If I’d taken some sociology classes in college, I might have gotten this point sooner: humor is driven, by and large, by societal norms. Furthermore, it is usually in contrast (marked or absurd) to those same norms. Allow me to illustrate.

Japan: most of us know that public conduct there has been driven by very strict rules, for as long as history holds. For the most part, it still is. Everyone’s supposed to be proper and dignified. The very regimented lifestyle, and lack of personal space, I might add, leads to the desire to escape it all, to do something completely different. Hence, Japanese humor and comedy focuses on the absurd, on the unlikely, on the odd, the weird, etc. If I’d gotten this sooner, I wouldn’t have asked why Japanese ads are so embarrassing a while back. Now I understand, and I can begin to enjoy it.

Take a video like this for example, a “study” of the best way to escape farts. Only the Japanese could have dreamed this up.

Or how about this follow-up to the Human Tetris video I posted before?

England: No need to explain much here. In the land of the stiff upper lip, public behavior was excruciatingly dry and complex, at least for a particular class — so much so, that most English humor focuses entirely on it, and the contrast between said behavior and that of the lower classes. A search for Benny Hill, Mr. Bean or Harry Enfield on YouTube suffices to illustrate my point. The behavior of the upper classes is so captivating when skewered, that even bastardized versions of such behavior, the ones that trickled down to the bourgeoisie and the middle class, are fascinating. Keeping Up Appearances was one show that capitalized on this.

USA: You might ask why current humor here in the good old US kind of stinks (at least I do). Well, to answer my own question, I think it’s because we’ve been free of restrictive societal norms, at least when it comes to public behavior. In a way, we’ve neutered one of our most potent sources of humor, though it wasn’t done on purpose. We started out with a few civilized cities and mostly wilderness and farms, and it’s still pretty much that way ;-).

Most people are still relaxed in public, and getting even more relaxed. Americans just don’t ascribe to certain norms when out in society, and to a certain extent, this is excusable. In a melting pot like ours, standards differ from family to family, and without huge, focused, national efforts to introduce some standards, things will not improve.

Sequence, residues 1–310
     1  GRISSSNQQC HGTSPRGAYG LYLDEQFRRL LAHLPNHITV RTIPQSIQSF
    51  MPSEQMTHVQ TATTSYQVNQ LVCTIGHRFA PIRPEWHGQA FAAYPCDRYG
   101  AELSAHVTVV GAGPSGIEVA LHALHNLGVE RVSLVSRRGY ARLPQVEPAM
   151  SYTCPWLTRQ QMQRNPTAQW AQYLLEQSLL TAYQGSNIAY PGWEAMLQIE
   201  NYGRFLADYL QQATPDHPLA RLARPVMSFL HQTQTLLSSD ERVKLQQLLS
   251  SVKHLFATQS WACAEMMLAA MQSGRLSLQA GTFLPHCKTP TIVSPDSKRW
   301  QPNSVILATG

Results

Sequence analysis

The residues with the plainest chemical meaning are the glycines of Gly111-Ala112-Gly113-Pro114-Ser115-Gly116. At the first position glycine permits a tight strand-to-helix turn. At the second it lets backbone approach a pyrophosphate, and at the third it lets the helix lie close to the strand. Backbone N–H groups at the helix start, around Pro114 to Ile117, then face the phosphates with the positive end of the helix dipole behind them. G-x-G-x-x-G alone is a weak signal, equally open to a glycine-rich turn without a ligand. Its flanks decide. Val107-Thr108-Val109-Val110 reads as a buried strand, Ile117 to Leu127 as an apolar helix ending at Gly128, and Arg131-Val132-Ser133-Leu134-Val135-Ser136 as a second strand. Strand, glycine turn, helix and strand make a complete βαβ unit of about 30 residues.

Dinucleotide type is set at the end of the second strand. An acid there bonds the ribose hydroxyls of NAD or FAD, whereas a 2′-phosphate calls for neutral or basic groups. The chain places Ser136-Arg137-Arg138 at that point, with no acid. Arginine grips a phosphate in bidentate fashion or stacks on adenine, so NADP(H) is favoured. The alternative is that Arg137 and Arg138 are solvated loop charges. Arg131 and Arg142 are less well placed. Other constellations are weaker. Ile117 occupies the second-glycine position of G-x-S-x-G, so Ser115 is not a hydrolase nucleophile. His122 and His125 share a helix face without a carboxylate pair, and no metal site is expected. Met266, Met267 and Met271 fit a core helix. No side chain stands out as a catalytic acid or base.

Fortunately, we did have those annoying yuppies in the 80s and early 90s, and we could make fun of them for a while, until that got old. The movie Trading Places (1983, IMDB listing) has some pretty good examples of pseudo-aristocratic behavior just ripe for skewering.

So, here in the States, we’re fresh out of good material unless we tap into history. Or, we could always make fun of how indecently relaxed people have become in public. For example, not a day goes by that I don’t see people wearing unsightly plastic clogs (you know, the “fashionable” kind, the sort that give you athlete’s foot and make your feet smelly) or low-cut jeans that make me wonder what’s more disgusting — the fact that they’re not falling off even though I can plainly see the butt crack, or the plentiful layers of fat that flow over the waistline.

At any rate, the point that I wanted to get across is that I finally get it: humor, by and large, is driven by societal norms, which of course, differ from society to society. I’m beginning to enjoy Japanese humor. I even get why those ads featuring American celebrities are so absurd. They have to be. When you wear a suit and have to act proper all day long, even at home, you long for something completely different.

No matter what culture or nation we talk about, as people, we all share a basic set of needs and wants. One of those is laughter. While the things that make us laugh may differ from region to region, we all want to laugh, and we enjoy ourselves even more when we laugh with others. It’s nice (at least for me) that I can get to understand other cultures through their humor. It’s certainly an interesting way to look at their societies.


Earthquake safety testing

From CNET News: “Video: Earthquake safety testing. Japan’s Hyogo Earthquake Engineering Research Center tests real houses under earthquake conditions. This video shows the difference between two actual wooden houses, the one on the right retrofitted to limit damage.” Very cool! Here is the link.